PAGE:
E-Drive is the SF90’s fully electric mode, which allows it to cruise at up to 84 mph, however, push the accelerator, and the V8 will kick in. Despite allowing for silent driving, this Spider won’t start in electric-only mode if the engine is cold. Additionally, it’ll automatically switch back to the aforementioned hybrid setting once the battery is fully used up. Click up to Performance mode, and its turbo-eight stays engaged, continuously charging its battery and delivering more power. This powertrain’s most aggressive setting is the top Qualifying mode, the only one in which the SF90 delivers its maximum output by drawing power from its engine and electric motors without charging its battery. Once the pack is fully drained, it’ll route engine power to charge it back up.

In Qualifying mode with a topped-up battery and 98 octane fuel, it’ll sprint to 62 mph in 2.5 seconds, to 124 mph in seven, and reach a top speed of 211 mph. However, while these figures are undoubtedly impressive, they fail to convey the tremendous pace the SF90 Spider is capable of in practically any scenario. Thanks to its responsive V8 aided by a rapid transmission and instant torque from its electric motors, its acceleration is so aggressive and instantaneous that one has to recalibrate one’s perception of how fast a supercar can be.

The Ferrari SF90 Spider feels as quick on the road as any hypercar we’ve reviewed thus far, including those costing deep into the seven-figure range. Yet this is simultaneously one of its most significant limitations. Although it seems counterintuitive to critique the best student in the class for getting the most correct answers, the unfortunate reality is that few, if any, roads allow for the full deployment of this car’s outrageous capabilities, a shame considering Ferrari’s turbo-eight howls as it reaches its over 8,000 rpm redline thanks to a brand new dual-exit exhaust system.


Ferrari SF90 Spider

It’s a similar story when we look at how the SF90 tackles a twisty road. It is eerily balanced, even in the tightest bends, with tremendous levels of grip. In part, we have its front axle’s torque vectoring system to thank, as well as its adaptive dampers and well-calibrated traction control system. Turn the wheel, and you’re met with ultra-quick, precise, and nicely weighted steering. However, as the nose bites into the entry of a corner, there’s an unshakable sense that computer systems are doing the grunt of the work. It’s as if the car has taken care of everything, and you, the driver, are just along for the ride. The smartest kid in the class strikes again.

Significant direction changes require the subtlest of steering inputs, with instant results. Its standard carbon-ceramic brakes, measuring 15.6 and 14.1 inches front to back, are intuitive with a firm initial bite and progressive pedal travel. Despite the SF90 Spider weighing around 220 pounds over its coupe counterpart and its claimed hefty 3,682-pound dry weight, the proficiency of its traction systems, suspension, and the stiffness of its chassis leave no noticeable loss in performance when compared to the Stradale.

Even as you flip through its drive modes, there’s no unsettling the SF90. It’s not the car that’ll play around and make you feel like a backroad hero with easily managed slides. Its grip levels are so high, and its chassis so dialed in that its only purpose is tackling a road as quickly as possible, even if it comes at the cost of driver engagement.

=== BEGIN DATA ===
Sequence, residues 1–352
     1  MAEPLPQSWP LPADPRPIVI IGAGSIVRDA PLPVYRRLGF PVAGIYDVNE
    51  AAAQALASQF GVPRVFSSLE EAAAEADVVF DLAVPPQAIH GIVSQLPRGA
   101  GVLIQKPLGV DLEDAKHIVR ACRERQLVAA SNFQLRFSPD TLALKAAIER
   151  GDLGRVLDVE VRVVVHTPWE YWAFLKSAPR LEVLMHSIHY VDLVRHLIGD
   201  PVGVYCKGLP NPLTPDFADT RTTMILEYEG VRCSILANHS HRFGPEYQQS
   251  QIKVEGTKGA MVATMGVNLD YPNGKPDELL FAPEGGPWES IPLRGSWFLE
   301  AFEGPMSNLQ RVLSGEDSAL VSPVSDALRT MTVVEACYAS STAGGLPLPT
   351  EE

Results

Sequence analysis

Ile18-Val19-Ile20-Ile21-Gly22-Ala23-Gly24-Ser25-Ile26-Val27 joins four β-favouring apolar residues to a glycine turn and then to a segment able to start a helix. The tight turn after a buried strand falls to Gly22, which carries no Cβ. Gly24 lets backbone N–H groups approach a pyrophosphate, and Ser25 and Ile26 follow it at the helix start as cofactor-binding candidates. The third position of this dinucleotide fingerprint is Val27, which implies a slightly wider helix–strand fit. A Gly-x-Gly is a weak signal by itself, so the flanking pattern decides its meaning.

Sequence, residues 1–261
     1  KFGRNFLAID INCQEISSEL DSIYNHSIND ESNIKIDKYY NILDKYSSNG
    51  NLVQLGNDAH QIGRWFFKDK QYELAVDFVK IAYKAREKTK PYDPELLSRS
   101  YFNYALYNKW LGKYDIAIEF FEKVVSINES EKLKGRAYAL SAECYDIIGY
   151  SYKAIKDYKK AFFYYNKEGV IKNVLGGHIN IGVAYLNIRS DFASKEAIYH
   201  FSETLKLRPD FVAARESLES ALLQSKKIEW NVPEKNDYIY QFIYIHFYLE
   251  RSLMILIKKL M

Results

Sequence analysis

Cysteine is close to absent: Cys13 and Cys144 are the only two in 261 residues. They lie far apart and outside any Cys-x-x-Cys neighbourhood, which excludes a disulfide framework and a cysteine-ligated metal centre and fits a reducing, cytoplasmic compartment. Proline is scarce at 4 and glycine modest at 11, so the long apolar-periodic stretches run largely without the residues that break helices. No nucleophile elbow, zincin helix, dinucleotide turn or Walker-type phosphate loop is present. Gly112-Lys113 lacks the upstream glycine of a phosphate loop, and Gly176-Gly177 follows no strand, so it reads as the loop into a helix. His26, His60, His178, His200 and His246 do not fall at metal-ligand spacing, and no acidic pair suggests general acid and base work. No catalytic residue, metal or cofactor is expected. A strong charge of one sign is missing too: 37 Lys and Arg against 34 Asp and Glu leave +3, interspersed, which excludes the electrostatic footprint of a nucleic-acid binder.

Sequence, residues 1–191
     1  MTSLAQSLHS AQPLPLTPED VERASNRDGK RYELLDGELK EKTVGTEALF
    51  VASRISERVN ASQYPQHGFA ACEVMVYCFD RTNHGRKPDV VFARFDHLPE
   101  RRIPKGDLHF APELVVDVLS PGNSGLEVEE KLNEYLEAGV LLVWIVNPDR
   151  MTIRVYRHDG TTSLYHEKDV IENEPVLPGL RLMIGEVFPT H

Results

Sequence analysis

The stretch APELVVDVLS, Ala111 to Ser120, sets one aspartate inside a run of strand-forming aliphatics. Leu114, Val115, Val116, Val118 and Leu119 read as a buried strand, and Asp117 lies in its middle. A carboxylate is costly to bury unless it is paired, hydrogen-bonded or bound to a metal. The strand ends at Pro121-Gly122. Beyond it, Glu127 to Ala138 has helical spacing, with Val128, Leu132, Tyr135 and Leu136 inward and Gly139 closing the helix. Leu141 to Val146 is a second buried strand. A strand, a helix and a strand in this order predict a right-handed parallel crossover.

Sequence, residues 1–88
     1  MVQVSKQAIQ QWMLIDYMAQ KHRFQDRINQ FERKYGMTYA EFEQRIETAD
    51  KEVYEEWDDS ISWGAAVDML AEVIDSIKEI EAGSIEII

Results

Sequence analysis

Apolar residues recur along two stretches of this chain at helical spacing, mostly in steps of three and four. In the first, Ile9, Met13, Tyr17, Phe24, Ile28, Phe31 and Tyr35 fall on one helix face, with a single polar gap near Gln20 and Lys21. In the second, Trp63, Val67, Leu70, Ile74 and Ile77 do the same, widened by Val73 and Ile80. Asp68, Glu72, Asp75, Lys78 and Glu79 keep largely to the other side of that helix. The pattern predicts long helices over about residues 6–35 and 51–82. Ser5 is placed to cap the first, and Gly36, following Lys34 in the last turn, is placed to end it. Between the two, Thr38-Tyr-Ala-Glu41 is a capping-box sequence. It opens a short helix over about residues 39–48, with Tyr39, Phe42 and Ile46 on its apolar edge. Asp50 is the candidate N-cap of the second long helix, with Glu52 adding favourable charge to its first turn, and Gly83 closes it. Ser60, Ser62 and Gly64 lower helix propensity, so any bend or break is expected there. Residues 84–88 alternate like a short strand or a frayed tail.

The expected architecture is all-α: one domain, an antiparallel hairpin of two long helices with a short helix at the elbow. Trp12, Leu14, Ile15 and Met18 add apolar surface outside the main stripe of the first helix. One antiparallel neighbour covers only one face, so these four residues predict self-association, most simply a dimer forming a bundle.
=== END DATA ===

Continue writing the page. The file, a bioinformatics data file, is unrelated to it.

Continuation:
While the Ferrari SF90 Spider is as fast as any road car can be on a back road, it doubles as an excellent cruiser. Lower its top, set its dampers to their softest setting, and its powertrain settles nicely on longer drives. Although reports of SF90s struggling when transitioning from electric to hybrid power were plentiful when launched, we didn’t experience that during our time on the road. Instead, our tester switched between its modes effortlessly, making it far more usable than just on back road blasts.


Ferrari SF90 Spider

Like practically all new Ferrari models, the SF90 Spider’s interior counts on no analog gauges. Instead, it utilizes touch capacitive buttons almost exclusively, which are, unfortunately, less than user-friendly and often require multiple presses to activate. Usability issues aside, its infotainment system is nicely laid out with intuitive menus and, in the case of our tester, a sleek passenger display. A bonus of this supercar’s large footprint is its ample cabin space. However, its cargo volume, on the other hand, is a tiny 3.31 cubic feet, including the area surrounding its seats.

For 2024, the Ferrari SF90 Spider starts at $583,590, while its coupe counterpart costs $528,764. Our 2022 model-year tester carries an as-tested price of $659,101.

The Ferrari SF90 Spider is one of the most complex road cars ever made. From its twin-turbo V8 and tri-motor powertrain to the breadth of its software-enabled capabilities down to its cleverly sculpted bodywork and hidden aero components, it is a true feat of engineering. Shifting emissions regulations have not only pushed supercar brands to embrace hybridization, but they’ve also allowed them to redefine themselves.

In the SF90’s case, Ferrari flexes its engineering muscles, showcasing how advanced its cars can be. Even in Spider form, lugging around an extra 220 pounds, its hypercar hunter is one of the quickest, most intuitive, and easy-to-use road cars. However, in this approach, we reach a point in which technology supersedes driver involvement and enjoyment, and the SF90 uses its advanced tech solely for the pursuit of speed.